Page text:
DJENNE, Mali – Malian soldiers killed people accused of ties to radical Islamists at a bus stop around the time the French-led military intervention began, a witness told The Associated Press on Wednesday, detailing how the soldiers shot the victims and then threw their bodies into nearby wells.
The account from the witness, who insisted on anonymity for fear of reprisals, came the same day that a French human rights group accused Malian forces of dozens of "summary executions" and other abuses as they confront Islamic extremists.
"They gathered all the people who didn't have national identity cards and the people they suspected of being close to the Islamists to execute them and put them in two different wells near the bus station," he said.
The soldiers later poured gasoline in the wells and set the bodies ablaze, he said.
The man described seeing at least three people killed in the incident at the Sevare bus stop on Jan. 10, a day before the French launched their military offensive following a surge southward by the Islamists into the town of Konna.
The military blocked journalists from reaching the town of Sevare on Wednesday, expanding its security cordon all the way to the town of Djenne. Reporters trying to reach the area, including an Associated Press team, were turned away at checkpoints by soldiers, who cited the national state of emergency and concerns for the journalists' safety.
On Wednesday, the International Federation for Human Rights, or FIDH by its French acronym, called for the creation of an independent commission to look into the crimes and punish those responsible.
FIDH charged that Malian forces were behind about 33 killings — including of ethnic Tuaregs — since new fighting erupted Jan. 10 along the narrow belt between the government-controlled south and the north, which has been under the control of Al Qaeda-linked militants for months.
Malian Army Capt. Modibo Traore said the allegations were "completely false" but declined to comment further.
Human rights groups have long expressed concerns about retaliatory violence against northern Malians or anyone seen as having ties to the Islamists whose capture of the north has divided the country in two.
Asked in an interview Wednesday on France 24 television whether he knew of abuses committed by Malian forces, French Defense Minister Jean-Yves Le Drian said only: "There's a risk."
France is "counting on" the top ranks of the Malian army to help avoid any abuses, Le Drian said.
"Aside from those who let themselves get indoctrinated by terrorists, who we totally condemn ... the Tuaregs are our friends," said Le Drian.
The claims come as international backing continued to pour in for France's intervention in its former colony. Pentagon officials said a United States airlift of French forces to Mali is expected to continue for another two weeks. Hundreds of African soldiers from Nigeria, Togo, Burkina Faso and Senegal are now joining.
Human rights groups have expressed concern about the situation in Mali — notably the activities of Malian troops. In a statement, FIDH pointed to "a series of summary executions" perpetrated by Malian forces notably in the towns of Sevare, Mopti, Niono and others along the lines of clashes.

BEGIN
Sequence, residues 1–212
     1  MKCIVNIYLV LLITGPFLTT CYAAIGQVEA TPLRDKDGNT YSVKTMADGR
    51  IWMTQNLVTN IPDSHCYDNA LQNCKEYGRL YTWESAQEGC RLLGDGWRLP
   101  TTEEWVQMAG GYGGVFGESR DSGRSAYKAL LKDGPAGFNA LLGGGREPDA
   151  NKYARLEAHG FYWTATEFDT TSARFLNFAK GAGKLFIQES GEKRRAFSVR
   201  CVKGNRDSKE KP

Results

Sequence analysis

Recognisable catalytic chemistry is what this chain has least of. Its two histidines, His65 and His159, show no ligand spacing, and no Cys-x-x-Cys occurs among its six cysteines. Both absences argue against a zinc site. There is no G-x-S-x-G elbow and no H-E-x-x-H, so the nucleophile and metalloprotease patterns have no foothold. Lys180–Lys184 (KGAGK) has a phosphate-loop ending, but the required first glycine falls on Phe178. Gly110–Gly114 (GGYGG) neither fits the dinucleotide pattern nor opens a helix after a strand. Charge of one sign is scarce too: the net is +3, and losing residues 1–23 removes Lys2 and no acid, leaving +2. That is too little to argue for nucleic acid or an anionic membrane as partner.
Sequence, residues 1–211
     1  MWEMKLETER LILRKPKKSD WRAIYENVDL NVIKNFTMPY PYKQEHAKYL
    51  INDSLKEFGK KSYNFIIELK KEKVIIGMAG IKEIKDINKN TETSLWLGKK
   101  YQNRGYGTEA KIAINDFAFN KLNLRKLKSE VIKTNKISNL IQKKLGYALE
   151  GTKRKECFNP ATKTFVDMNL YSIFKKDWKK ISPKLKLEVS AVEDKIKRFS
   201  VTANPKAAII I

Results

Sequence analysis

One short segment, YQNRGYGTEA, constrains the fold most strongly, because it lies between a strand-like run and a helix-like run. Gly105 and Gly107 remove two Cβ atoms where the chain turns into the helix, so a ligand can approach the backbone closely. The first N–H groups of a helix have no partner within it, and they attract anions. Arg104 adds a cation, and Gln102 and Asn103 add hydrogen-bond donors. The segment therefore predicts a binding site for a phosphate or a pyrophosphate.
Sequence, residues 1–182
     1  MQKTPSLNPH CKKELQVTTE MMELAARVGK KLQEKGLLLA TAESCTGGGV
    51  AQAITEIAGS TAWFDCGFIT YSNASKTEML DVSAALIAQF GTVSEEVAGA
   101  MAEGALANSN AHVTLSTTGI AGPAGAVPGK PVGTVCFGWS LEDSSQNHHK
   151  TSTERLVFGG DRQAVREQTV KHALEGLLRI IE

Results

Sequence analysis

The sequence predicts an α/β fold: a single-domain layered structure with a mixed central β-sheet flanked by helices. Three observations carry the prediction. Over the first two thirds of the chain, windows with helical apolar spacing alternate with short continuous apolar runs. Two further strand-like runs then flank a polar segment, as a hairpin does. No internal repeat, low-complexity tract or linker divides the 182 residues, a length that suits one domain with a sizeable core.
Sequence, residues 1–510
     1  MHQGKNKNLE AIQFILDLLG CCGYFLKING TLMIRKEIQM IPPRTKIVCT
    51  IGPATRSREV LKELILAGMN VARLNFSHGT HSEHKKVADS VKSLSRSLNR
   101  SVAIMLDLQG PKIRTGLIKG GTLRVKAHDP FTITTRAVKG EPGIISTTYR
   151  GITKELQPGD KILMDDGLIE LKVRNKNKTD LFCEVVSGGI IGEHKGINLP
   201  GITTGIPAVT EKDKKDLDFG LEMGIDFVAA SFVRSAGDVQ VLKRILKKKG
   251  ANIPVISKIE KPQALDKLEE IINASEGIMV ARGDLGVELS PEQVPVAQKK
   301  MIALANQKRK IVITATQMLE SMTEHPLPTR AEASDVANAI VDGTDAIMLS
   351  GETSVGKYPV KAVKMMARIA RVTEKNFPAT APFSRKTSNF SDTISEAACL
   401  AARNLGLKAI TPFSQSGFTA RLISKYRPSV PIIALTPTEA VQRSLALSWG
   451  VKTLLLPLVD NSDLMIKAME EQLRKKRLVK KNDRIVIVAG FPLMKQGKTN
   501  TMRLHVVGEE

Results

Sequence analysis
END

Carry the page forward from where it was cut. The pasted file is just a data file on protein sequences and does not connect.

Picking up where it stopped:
In Sevare, at least 11 people were killed at a military camp, near its bus station and its hospital, and "credible information" pointed to about 20 other executions with the bodies "buried hastily, notably in wells," FIDH said.
Malian troops also killed two ethnic Tuaregs in the Niono region, and "other allegations of summary executions continue to come to us," the group said.
Dozens of ethnic Tuaregs in Bamako, Mali's capital far to the southwest, have had their homes raided by Malian forces, and at times been subjected to pillage and intimation, the group said.
All of the victims are accused of being infiltrators or of having ties to the jihadists, of possessing weapons, or of not being able to produce identity papers or "simply targeted because of their ethnicity," it said.
The Islamist fighters have controlled the vast desert stretches of northern Mali, with the weak government clinging to the south, since a military coup in the capital in March last year unleashed chaos.
Egypt's Islamist president has warned that the French-led military intervention in Mali will worsen rather than resolve the conflict. Mohammed Morsi, who is to visit Paris Feb. 1, said the use of force will "make the situation so much worse than before," speaking in Cairo Wednesday.
France launched its intervention on Jan. 11 — a day after Islamic extremists captured the central town of Konna, threatening a possible advance toward Bamako. France has said its forces will stay as long as necessary in Mali, but wants other African countries to the lead in helping Mali. Hundreds of African forces have been pouring in.
The U.S. Air Force is keeping between eight and 10 people at the airport in Mali's capital to help with the incoming and outgoing flights, the Pentagon said late Tuesday. The U.S. has already flown five C-17 flights into Bamako, delivering more than 80 French troops and 124 tons of equipment, it said.
The U.S. is not providing direct aid to the Malian military because the democratically elected government was overthrown last March in a coup.
French officials confirmed Tuesday that Malian forces, backed by French air power, retook the key towns of Diabaly and Douentza. Douentza had been held by Islamist rebels for four months and is located 120 miles northeast of Mopti, the previous line-of-control held by the Malian military in Mali's narrow central belt. French and Malian troops arrived in Douentza on Monday to find that the Islamists had retreated from it.
Diabaly, 120 miles west of Mopti, was retaken Monday after Islamist fighters who had seized it a week earlier fled amid French air strikes.